In the wake of the Supreme Court’s decision regarding gay marriage, there is no doubt the legal landscape for the LGBT community is changing. A question being asked more and more is whether or not sexual orientation is a protected class under Title VII of the Civil Rights Act of 1964, thereby prohibiting employers from discriminating against an employee because of his or her sexual orientation. Our Ohio Employment Lawyers receive calls and questions on this issue all the time. If you have any questions or would like to speak to us about this, please contact us http://www.thefriedmannfirm.com/contact-us/.
History of Title VII, Discrimination Based on “Sex” and Transgendered Individuals
In the 1970’s and 1980’s, courts had a pretty narrow view of Title VII. For example, in 1979, the Ninth Circuit rejected an argument that discrimination against a homosexual was sex discrimination under Title VII. The Fifth Circuit came to a similar conclusion when it held that termination because of homosexuality was not protected by Title VII. As time moved forward, courts began taking a closer look at Title VII and began interpreting “sex” more broadly.
In 1984, the Seventh Circuit heard a case involving a transgender plaintiff, Ulane v. Eastern Airlines. Kenneth Ulane was hired by Eastern Airlines as a pilot and eventually took leave to have gender reassignment surgery. When Kenneth returned to work as Karen, she was terminated. The Court found that Karen was not discriminated against because she was female and rejected her Title VII claim, holding that Title VII does not protect transgendered individuals.
Courts, such as the Sixth Circuit that emcompasses Ohio, continued to hold that homosexuals were not protected by Title VII. For example, an employee sued his employer, the United States Postal Service, after he was teased and physically assaulted because his co-workers thought he was gay. The Court said too bad- although these comments are cruel, they are not unlawful.
Expansion of the Definition of “Sex” as it Relates to Title VII
A few years later, the Supreme Court expanded the definition of “sex” when it decidedPrice Waterhouse v. Hopkins. Hopkins was a female manager who was denied a partnership interest because she exhibited masculine traits. Price Waterhouse informed her that she could only increase her changes for a partnership interest by walking and talking more femininely, wearing makeup and taking a course at charm school, among others. The Court held that Hopkins was discriminated against because of sex and the theory of “sex or gender stereotyping” emerged. The Court said, “an employer who acts on the basis of a belief that a woman cannot be aggressive, or that she must not be, has acted on the basis of gender.” Price Waterhouse was the first case to define the word “sex” as both biological sex and gender, which includes “socially acceptable” roles and behaviors that define a woman as a woman and a man as a man. If the employer takes any of these roles and behaviors into consideration, they have taken gender into account.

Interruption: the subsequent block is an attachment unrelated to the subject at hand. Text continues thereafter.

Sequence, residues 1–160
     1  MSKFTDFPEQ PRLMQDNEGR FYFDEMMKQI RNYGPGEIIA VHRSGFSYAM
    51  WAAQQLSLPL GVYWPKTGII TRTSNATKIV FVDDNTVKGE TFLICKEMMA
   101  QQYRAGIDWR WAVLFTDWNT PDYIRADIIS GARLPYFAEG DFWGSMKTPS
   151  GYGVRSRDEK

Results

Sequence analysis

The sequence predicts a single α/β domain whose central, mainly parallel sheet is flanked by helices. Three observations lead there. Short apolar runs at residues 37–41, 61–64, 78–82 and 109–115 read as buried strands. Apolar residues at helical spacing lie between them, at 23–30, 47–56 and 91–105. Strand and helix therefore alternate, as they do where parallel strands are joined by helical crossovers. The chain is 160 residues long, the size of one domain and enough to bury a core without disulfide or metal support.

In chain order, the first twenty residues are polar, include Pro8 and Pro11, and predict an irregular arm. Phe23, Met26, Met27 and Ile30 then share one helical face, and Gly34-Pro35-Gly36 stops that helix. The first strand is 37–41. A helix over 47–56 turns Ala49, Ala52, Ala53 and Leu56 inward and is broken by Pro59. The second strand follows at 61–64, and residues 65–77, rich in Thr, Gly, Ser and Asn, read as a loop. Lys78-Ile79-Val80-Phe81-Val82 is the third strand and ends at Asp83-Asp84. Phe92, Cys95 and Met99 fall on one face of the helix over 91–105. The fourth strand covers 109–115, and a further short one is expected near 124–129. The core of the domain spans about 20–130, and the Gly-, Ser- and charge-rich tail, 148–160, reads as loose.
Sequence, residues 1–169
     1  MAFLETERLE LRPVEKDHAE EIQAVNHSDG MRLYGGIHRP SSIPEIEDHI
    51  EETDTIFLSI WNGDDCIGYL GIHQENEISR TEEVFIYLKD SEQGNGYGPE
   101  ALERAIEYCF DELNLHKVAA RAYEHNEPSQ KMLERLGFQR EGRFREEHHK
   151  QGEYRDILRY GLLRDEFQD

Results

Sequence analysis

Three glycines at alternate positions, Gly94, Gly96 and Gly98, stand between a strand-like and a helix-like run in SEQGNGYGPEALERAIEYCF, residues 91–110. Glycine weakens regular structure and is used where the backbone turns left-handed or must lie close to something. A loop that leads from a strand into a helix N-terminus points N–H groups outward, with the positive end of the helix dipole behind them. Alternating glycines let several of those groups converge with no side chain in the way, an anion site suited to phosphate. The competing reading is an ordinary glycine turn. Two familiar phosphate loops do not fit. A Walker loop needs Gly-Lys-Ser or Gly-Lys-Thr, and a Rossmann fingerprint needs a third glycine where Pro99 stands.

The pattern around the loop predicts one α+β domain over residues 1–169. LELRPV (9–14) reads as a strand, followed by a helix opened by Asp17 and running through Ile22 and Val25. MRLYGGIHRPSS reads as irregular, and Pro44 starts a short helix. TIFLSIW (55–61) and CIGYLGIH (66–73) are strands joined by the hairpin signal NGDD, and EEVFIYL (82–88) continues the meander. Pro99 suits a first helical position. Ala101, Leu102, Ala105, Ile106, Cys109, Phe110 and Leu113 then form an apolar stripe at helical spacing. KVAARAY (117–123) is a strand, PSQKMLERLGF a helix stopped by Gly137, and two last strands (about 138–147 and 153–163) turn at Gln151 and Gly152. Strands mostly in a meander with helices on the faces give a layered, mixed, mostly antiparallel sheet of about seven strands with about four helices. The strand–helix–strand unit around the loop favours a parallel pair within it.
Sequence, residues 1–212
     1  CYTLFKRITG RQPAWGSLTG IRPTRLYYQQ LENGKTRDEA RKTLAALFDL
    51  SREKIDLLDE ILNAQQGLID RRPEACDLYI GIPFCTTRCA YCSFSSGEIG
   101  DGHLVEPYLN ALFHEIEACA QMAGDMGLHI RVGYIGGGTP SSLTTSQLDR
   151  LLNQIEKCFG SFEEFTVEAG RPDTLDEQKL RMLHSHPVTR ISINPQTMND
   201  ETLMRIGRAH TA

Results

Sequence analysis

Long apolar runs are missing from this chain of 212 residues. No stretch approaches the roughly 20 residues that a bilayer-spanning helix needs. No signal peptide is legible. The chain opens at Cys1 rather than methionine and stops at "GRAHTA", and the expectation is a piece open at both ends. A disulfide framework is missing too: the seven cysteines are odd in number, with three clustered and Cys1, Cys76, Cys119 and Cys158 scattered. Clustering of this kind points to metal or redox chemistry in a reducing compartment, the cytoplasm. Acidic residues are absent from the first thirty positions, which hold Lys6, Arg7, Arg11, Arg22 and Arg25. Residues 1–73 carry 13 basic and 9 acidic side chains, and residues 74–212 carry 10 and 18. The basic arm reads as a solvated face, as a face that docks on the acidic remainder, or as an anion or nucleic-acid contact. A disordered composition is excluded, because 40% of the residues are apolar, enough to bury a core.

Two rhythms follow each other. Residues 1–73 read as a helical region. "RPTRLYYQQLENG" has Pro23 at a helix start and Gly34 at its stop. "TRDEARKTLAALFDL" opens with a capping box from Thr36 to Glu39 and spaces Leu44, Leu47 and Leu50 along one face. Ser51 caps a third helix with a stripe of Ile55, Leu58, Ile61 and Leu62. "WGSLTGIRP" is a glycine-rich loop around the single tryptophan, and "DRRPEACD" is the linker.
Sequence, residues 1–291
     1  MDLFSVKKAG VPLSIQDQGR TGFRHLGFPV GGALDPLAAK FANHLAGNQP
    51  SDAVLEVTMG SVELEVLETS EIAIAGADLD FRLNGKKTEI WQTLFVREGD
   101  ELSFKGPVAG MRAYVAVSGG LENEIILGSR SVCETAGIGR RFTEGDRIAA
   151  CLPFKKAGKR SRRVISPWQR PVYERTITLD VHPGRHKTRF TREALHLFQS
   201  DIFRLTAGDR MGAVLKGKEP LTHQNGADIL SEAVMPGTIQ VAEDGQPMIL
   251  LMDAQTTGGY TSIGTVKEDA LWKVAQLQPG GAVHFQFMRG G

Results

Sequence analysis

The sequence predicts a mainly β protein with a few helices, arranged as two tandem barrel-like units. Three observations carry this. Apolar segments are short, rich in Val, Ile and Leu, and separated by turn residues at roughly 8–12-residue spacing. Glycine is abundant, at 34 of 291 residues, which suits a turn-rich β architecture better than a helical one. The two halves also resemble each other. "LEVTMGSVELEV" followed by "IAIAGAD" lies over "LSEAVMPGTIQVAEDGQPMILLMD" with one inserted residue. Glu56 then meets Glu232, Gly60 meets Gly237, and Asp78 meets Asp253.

Gender Stereotyping Theory Emerges
After the Price Waterhouse decision, other courts began to recognize the gender stereotyping theory as it relates to discrimination claims under Title VII. For example, the Ninth Circuit found that the unrelenting barrage of same sex verbal abuse by male co-workers against the plaintiff constituted sex discrimination under Title VII. The Seventh Circuit came to a similar holding in Doe v. Belleville, where the plaintiff endured harassment from male co-workers based on his gender.
Next, the Supreme Court decided Oncale v. Sundowner Offshore Services, Inc. The plaintiff, Joseph Oncale, was subjected to sex-related, humiliating actions and comments from his make co-workers in the presence of the rest of the crew. The actions included physical assaults in a sexual manner and even a threat of rape. Oncale filed a claim of sex discrimination against his employer after he complained and felt the situation was not dealt with appropriately. The Court held that Title VII also protects same-sex harassment between heretosexual men.